Robertson Field, Plainville
April 8, 2009
I had never heard of Robertson Field before my visit to the Plainville Historic Center. There, my guide offhandedly mentioned that Robertson Field was the oldest airport in Connecticut. My ears perked up and I noted it, but pretty much forgot about it.
To refresh our collective memory, here’s the bit I wrote about Plainville’s place in aviation history back then:
“It turns out our little Plainville is home to some serious aviation history – on two fronts.
…One Mr. Nels Nelson, who, in 1911 first flew his 33-foot “flying machin” from the Scott Swamp District off present Route 177 in Plainville. He was a daring 22-year-old from New Britain who went on to put on flying exhibitions around the country. Who knew?
Also, I learned all about the little local airport, Robertson Field. Opened in 1911, it is the oldest airport in Connecticut! Furthermore, John H. Trumbull, a Plainville native and Connecticut’s Governor from 1925 to 1931, is known to have used the airfield. He was dubbed “The Flying Governor”. My guide told me that Trumbull was actually a terribly pilot who had a habit of bad landings – but somehow never died doing so.”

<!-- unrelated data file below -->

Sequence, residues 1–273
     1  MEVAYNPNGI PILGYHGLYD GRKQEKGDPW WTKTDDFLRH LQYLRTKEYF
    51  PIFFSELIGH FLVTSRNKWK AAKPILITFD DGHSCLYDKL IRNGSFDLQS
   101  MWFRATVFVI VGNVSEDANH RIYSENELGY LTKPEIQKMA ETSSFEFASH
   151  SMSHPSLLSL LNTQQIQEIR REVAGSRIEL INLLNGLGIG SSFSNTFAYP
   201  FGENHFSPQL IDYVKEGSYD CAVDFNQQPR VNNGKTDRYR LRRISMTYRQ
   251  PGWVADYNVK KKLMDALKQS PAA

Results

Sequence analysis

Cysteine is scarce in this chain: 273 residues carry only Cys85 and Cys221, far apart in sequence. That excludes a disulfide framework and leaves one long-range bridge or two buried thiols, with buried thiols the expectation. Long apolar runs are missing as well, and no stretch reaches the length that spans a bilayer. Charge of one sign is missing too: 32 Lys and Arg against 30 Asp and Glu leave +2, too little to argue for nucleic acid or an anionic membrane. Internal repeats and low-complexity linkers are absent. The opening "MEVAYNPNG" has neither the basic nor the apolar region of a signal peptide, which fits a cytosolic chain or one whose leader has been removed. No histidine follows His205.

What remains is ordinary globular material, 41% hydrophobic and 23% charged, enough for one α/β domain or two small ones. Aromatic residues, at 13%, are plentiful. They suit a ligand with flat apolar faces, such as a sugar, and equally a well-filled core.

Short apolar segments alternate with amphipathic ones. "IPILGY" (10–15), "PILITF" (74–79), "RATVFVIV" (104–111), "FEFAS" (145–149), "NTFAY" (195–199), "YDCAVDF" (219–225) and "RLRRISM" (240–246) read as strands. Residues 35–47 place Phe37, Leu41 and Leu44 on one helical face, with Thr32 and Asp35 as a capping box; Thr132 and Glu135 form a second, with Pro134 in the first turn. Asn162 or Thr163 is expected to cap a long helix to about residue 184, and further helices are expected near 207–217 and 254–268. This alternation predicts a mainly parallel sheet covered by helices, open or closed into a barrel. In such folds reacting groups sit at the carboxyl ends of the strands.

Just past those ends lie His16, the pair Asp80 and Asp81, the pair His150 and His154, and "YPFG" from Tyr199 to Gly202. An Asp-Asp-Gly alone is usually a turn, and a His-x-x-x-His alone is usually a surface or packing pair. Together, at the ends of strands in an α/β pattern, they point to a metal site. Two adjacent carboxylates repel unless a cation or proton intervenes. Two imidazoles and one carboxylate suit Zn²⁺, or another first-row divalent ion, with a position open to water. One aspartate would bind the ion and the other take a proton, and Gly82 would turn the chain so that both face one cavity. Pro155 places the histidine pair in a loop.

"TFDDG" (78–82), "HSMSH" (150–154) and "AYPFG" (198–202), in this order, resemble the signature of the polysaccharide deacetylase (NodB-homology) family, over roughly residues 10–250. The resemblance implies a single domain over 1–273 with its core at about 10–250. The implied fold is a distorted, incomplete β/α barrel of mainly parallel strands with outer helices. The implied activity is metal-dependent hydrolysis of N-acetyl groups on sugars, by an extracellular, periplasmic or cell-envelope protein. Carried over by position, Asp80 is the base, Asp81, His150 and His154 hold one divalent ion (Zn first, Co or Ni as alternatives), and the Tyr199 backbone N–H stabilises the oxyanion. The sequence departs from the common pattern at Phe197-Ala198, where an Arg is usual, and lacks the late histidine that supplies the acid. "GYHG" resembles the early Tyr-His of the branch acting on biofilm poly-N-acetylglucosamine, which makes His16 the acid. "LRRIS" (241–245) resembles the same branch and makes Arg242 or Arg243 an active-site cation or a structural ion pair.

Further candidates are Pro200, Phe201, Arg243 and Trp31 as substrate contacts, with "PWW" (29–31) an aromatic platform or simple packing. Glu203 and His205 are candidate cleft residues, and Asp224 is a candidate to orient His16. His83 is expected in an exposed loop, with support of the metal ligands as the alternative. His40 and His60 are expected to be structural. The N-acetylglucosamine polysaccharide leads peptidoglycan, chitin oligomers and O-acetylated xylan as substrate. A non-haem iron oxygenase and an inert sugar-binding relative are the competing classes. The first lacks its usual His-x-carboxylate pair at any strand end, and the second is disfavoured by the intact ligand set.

I found myself at a writer’s event at Tunxis Community College (where I visited the Wallace Barnes and Barbara Hackman Franklin Art Gallery) and noticed a small sign pointing the way to the nearby airport. Eh, I had some time so I went to check it out.
The airport lies just past a residential area, which is sort of weird. Just before entering the gate, there is a little monument dedicated to Nels Nelson. That’s nice.
This is a pretty cool little place. You can park right next to the “terminal” which is a small building with a couple offices and such. While the runway area is fenced off, visitors can get very close to the action – something that I enjoyed and I hope Damian will someday too.
(Actually, there a field a few miles away that is officially used by model plane enthusiasts. It’s really cool to go and watch these guys fly around their very expensive toys – and Damian HAS enjoyed that.)
And lest you think it’s so small that you won’t see any action, you’d be mistaken. While small, (Robertson Field covers an area of 39 acres which contains one runway and one helipad), for the 12-month period ending July 31, 2006, the airport had 59,200 aircraft operations, an average of 162 per day. There are 110 aircraft based at this airport.
Beyond the history (which they disappointingly don’t play up in the lobby area), Robertson Field is interesting for another, more recent, reason. It is privately owned by the Tomasso Brothers who may sell it to developers for $7 million. But the town has fought back, seeking public funds to purchase the airport to keep it “as is.” The neighbors actually LIKE the place!
Maybe someday I’ll learn how to fly. Yeah, I’d like that. (Don’t worry, my wife doesn’t read this stuff.)